St. Petersburg was a planned city from day one, and therefore makes sense to most visitors right away. The center of town is relatively compact, and the increasing use of English on street signs and billboards breaks up the puzzling array of Russian lettering and helps visitors get their bearings. But globalization has encroached only so far, and even though the city was Peter the Great's window to the Western world, there's no mistaking St. Petersburg's Russianness.
St. Petersburg is a coherent and carefully planned city, and the value of its individual buildings is best appreciated when you take a step back and view the ensemble to which the buildings contribute. Sculpted parks and curving canals are part of the plan, and well worth a detour -- though be sure to have a map in English and Russian, because off the main roads, street signs are usually in the Cyrillic alphabet only.
The city is Russia's principal port, and its geography and history make it immediately distinguishable from Moscow. St. Petersburg did not grow gradually from provincial backwater to major metropolis like its southern rival, this city was built up from the bogs, fast and furious, to be an imperial capital, and it served as such for 2 centuries. St. Petersburg is better at celebrating the past than at choosing a direction for the future, which means that museums, palaces, and ballet and opera houses are where its strengths lie; daring modern art and architecture are not. The Hermitage is a crucial stop but far from the only museum you should visit on this trip.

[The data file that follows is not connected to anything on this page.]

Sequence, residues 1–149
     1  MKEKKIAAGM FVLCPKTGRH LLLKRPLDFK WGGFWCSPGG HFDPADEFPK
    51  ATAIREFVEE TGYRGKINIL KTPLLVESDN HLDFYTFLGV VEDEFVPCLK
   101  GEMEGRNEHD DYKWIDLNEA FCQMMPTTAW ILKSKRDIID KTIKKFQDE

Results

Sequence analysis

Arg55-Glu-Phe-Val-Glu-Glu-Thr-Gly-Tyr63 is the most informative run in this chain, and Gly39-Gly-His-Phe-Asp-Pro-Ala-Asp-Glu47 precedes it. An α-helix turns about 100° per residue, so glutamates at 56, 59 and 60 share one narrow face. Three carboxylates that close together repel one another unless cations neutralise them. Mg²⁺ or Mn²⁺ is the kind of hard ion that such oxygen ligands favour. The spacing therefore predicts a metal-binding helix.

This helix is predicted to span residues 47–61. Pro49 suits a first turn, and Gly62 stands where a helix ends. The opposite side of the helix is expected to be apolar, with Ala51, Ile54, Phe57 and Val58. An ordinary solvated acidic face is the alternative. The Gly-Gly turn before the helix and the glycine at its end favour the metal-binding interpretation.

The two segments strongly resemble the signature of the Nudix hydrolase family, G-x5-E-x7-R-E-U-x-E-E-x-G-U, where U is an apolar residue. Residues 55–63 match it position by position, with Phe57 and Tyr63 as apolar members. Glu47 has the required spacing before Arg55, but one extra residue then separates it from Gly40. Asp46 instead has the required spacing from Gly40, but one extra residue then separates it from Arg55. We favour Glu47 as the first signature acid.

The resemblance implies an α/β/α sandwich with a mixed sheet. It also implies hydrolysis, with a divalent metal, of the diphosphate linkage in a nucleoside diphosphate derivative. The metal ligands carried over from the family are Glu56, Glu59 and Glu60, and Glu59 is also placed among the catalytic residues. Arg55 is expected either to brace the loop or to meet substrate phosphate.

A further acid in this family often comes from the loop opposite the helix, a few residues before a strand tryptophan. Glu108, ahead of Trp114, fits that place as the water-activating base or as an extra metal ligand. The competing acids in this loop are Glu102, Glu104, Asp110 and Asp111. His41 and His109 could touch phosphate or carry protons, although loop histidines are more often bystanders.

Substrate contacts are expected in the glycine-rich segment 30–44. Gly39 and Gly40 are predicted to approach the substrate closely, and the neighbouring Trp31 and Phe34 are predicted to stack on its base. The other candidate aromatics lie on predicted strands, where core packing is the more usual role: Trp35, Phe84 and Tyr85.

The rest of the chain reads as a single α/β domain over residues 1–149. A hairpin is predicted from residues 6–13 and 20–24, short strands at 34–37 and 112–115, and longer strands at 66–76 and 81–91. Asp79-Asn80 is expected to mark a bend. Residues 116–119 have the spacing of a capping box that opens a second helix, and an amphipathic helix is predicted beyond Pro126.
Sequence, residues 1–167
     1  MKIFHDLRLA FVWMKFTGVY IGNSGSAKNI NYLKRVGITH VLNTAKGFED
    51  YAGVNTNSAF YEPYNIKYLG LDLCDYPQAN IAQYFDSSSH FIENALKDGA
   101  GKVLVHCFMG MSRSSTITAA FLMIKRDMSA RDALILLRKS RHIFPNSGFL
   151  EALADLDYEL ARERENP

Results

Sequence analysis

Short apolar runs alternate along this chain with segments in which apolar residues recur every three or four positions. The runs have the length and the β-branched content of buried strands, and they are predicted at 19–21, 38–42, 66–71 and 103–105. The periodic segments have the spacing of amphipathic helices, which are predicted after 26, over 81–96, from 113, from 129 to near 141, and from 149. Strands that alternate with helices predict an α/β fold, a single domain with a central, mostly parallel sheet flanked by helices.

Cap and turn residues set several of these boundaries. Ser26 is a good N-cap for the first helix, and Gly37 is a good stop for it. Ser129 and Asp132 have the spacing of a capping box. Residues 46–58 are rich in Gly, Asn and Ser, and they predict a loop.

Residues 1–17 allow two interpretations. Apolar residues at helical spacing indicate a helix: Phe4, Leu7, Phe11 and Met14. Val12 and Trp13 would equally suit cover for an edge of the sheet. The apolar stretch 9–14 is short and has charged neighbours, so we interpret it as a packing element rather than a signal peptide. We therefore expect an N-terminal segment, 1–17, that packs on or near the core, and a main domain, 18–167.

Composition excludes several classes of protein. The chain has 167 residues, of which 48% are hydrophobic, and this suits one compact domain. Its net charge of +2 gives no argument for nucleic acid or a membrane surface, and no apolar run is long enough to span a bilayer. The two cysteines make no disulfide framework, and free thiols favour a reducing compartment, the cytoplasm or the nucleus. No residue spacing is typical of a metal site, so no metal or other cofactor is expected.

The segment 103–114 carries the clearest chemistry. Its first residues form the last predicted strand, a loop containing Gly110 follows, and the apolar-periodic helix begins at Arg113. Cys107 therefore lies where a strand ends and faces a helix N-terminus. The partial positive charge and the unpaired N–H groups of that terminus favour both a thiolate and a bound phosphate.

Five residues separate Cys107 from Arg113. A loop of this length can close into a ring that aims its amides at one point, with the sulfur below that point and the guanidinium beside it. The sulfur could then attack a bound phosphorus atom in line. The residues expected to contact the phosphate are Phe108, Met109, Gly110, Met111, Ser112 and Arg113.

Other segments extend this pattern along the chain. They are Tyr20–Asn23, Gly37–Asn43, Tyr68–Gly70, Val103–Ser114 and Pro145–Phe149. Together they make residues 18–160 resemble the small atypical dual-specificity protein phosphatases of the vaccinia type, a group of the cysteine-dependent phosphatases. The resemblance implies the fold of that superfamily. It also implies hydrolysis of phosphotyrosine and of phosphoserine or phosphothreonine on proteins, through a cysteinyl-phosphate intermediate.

St. Petersburg's relative youth and the secular ideas of its founder, Peter the Great, mean that cathedrals play a less crucial and less religious role here than in 850-year-old Moscow. Still, your visit should include a church or two; the ones listed are architecturally or historically notable. Some cathedrals remain museums as they were in Soviet days, but many are again functioning churches and hold services throughout the day.